Every year right around the holidays, I knew to expect a lot of stabbings on the reservation. The violence was so reliable that I could mark my calendar. Frank was driving that night and I was sitting shotgun handling the radio and dispatch and Tim was in the back. Even with the hour drive and the empty roads Frank turned the light bar on, and our sirens screamed out through long stretches of painted desert.
“You ever notice it’s always our crew that gets sent to these transports?” I asked him.
“Yeah,” Frank said, not interested.
It was always Cardiac 7. Every single time. When we got those calls I couldn’t help thinking there was some relationship between that fact and my own brutal family history. That there was some deeper order working.
When we hit the fringes of the reservation we started to see broken down pickup trucks and white roadside crosses. There were trailers dotting the landscape, and clapboard shacks with tires holding down corrugated metal rooftops. Christ in his manger did not come from more humble beginnings. There were also Nativity sets arranged with half sized barn animals, and tiny white lights strung out on paloverde trees in square dirt lots, carving illumination through the severe landscape.
The door was opened when we pulled up. It wasn’t our first trip to the property. Joe Ironcloud’s indomitable figure filled the doorway. He moved aside just enough to let us through. There was a muscular dog at his feet that showed its teeth at us, its body tensed in knots of hard restraint. Joe had it by the collar and his feet were planted firmly in an effort to keep it.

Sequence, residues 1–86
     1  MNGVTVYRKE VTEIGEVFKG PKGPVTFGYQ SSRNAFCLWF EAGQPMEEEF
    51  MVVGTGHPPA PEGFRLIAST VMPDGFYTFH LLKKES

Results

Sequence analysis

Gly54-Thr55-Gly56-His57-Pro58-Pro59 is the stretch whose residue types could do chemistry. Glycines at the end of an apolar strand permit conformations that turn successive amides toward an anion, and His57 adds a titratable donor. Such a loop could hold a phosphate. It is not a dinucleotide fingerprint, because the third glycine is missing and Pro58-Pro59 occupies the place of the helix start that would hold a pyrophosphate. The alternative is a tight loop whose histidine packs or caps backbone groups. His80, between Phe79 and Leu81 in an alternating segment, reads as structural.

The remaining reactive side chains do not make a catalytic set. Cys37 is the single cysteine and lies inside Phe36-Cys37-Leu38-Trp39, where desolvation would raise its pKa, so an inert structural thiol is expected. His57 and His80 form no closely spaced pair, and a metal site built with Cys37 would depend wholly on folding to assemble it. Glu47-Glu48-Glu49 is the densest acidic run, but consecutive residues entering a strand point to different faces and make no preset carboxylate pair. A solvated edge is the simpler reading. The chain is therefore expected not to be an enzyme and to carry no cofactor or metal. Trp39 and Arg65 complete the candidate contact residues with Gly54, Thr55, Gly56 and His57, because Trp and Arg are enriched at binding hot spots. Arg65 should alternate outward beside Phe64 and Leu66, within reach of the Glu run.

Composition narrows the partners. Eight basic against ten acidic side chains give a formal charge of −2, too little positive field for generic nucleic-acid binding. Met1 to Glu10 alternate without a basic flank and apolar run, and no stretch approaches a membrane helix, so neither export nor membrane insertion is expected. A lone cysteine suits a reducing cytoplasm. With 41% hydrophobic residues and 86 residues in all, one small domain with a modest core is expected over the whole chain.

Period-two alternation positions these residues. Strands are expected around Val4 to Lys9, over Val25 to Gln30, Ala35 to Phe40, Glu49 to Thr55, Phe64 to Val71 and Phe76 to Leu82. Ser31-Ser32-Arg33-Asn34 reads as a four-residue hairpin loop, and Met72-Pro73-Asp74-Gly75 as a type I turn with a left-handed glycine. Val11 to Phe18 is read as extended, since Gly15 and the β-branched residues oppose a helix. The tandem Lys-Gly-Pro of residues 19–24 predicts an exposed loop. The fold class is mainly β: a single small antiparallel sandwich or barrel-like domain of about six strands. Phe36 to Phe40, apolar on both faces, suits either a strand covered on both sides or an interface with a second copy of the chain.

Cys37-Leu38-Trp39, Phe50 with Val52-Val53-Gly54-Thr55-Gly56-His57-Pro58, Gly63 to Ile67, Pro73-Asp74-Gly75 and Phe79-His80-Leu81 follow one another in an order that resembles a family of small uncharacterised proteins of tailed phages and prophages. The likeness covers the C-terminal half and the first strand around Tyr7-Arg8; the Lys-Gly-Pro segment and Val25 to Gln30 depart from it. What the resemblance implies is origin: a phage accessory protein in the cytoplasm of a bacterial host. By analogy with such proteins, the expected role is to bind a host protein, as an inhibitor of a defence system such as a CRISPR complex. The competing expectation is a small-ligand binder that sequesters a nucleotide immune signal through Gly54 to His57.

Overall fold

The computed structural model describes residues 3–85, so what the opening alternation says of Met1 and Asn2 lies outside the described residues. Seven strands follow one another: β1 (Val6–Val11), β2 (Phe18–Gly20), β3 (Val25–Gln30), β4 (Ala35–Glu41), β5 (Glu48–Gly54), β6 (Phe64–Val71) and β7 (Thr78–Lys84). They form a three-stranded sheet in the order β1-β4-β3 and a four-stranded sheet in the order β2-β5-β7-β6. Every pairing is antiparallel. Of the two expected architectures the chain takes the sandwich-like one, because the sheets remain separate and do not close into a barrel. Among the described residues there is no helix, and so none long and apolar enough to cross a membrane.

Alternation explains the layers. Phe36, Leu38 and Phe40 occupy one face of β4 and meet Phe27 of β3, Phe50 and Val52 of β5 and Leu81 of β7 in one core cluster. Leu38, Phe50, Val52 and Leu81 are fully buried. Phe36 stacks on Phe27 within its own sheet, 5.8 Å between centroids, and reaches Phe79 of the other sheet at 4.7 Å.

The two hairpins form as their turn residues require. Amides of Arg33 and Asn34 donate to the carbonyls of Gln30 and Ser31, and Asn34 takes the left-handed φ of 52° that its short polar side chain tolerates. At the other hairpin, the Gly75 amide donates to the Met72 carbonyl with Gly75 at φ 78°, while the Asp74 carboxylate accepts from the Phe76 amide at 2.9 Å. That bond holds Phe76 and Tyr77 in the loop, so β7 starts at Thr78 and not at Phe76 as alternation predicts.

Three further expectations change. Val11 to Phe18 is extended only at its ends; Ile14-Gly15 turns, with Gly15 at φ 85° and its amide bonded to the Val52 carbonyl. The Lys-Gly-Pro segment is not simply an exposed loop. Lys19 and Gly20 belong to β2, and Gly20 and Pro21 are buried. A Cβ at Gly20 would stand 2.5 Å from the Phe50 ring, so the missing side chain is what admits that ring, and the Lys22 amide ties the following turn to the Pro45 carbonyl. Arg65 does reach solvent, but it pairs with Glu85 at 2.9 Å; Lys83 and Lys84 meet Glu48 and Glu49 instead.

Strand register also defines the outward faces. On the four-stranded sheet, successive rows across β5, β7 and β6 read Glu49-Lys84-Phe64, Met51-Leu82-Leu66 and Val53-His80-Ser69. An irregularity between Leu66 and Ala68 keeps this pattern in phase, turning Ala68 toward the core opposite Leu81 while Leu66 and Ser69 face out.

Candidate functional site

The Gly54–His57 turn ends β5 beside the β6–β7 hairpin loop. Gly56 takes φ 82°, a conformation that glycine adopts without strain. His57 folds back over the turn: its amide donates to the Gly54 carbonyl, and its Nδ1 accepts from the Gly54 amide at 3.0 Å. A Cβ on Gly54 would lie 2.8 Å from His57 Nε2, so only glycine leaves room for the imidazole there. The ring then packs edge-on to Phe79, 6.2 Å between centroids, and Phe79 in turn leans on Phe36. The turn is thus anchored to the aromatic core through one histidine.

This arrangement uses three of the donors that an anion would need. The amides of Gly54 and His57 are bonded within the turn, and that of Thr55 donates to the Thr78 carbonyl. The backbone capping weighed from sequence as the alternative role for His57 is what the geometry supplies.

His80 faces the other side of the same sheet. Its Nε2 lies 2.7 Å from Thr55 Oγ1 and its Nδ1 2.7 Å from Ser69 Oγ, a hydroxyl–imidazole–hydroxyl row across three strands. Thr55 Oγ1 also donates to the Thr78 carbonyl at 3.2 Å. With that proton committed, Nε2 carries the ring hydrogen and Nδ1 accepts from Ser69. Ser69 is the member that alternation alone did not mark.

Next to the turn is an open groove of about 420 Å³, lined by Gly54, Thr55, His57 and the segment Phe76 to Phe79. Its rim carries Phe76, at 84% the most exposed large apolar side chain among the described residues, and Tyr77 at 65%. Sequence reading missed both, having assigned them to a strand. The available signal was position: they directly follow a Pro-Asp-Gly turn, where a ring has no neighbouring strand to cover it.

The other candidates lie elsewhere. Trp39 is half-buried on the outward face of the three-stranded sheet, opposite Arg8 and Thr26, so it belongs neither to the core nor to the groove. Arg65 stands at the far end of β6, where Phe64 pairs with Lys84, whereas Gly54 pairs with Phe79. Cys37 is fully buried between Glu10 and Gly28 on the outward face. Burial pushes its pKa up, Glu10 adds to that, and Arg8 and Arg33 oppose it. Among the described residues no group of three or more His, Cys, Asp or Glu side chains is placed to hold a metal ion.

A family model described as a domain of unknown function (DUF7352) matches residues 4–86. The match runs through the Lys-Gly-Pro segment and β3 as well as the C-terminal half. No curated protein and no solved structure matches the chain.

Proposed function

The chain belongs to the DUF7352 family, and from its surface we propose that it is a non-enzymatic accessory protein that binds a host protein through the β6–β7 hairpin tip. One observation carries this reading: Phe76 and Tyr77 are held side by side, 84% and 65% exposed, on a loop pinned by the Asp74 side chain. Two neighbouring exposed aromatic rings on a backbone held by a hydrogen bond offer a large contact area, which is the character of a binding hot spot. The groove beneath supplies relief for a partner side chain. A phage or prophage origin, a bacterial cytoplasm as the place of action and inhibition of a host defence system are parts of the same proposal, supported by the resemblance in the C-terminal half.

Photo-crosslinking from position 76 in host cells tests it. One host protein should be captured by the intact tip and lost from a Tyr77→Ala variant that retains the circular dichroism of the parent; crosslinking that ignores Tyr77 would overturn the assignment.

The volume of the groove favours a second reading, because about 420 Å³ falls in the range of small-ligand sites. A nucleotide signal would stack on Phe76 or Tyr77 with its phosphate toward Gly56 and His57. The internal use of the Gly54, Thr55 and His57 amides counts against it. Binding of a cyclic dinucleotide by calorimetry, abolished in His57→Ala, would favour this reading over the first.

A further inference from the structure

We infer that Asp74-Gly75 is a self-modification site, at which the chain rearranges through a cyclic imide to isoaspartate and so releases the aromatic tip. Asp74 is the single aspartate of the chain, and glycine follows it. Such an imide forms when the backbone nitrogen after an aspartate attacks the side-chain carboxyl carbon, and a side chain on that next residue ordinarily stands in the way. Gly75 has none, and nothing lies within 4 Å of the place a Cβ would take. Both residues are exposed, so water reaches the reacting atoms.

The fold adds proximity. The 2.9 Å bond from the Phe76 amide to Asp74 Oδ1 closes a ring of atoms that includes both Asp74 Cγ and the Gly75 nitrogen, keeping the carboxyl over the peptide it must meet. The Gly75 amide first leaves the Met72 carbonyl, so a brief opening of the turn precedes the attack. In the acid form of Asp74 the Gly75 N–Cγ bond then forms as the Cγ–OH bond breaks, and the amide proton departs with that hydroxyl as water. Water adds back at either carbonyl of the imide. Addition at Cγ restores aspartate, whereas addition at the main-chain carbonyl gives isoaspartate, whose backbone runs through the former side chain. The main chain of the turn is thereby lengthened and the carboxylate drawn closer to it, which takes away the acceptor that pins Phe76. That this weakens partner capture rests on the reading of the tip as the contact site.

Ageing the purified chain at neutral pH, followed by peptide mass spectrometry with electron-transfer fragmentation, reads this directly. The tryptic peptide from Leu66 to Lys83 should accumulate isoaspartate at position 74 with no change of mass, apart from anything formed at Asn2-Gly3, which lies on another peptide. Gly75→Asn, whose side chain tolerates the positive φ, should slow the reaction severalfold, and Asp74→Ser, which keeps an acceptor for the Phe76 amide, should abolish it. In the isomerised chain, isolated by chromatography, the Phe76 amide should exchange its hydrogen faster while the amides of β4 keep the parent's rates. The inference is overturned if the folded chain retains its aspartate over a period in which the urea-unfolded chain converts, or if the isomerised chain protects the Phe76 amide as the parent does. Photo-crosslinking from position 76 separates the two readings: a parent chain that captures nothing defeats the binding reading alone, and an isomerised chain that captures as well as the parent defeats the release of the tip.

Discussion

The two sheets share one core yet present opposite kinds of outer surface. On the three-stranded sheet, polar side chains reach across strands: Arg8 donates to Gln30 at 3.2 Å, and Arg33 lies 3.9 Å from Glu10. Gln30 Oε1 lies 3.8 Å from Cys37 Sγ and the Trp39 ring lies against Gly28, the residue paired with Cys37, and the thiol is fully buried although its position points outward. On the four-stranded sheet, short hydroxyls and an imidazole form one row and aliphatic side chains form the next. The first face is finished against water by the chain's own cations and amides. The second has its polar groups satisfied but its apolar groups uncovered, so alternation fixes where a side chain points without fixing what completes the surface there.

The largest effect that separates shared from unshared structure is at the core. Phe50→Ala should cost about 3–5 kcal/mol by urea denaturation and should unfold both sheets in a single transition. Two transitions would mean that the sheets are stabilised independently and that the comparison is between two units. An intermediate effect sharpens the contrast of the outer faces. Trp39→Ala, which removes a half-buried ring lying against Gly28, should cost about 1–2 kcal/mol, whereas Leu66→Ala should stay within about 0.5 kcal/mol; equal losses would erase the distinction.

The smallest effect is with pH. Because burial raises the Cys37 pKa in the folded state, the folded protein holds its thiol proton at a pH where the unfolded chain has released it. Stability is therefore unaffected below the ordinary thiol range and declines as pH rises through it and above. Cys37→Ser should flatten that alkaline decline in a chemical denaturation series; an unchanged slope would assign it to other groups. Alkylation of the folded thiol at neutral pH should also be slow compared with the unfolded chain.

This time around it was Joe’s wife LuLu. She was collapsed on the floor of the front room and was leaning against a wooden milk crate that was also a television stand. She held a bundled undershirt tightly to her side. A young officer stood next to her.
“This is where I found her,” he told us, perspiring. “I figured it was better not to move her.”
“Good,” I told him. “You did fine.”
It was only a single stab wound, although it was hard to tell how deep it actually went. But LuLu’s pulse was regular. Her face was strong and russet colored. Her face looked like something carved from the bedrock—iconic as a totem. I thought I would see it again that night in my dreams, carved into the side of a mountain.
When we finished the examination we loaded her onto the Stryker. Frank took the front end of the gurney and Tim handled the back. The officer said to me, “Let us know if she talks, Aiden. I haven’t had any luck. It could be Joe, but I don’t think so. Could be Joe’s brother. Lulu broke his nose once with a leather belt.”
Joe Ironcloud was still standing at the door when we went out.
“KoKo. Shh. Shh,” he whispered.
He looked at his wife with disinterest when she went by, and grabbed my shoulder before I was past.
“What do you need Joe?”
He didn’t say anything. He just pinned me with his look. Finally he spoke. “The crows followed you here, doctor.”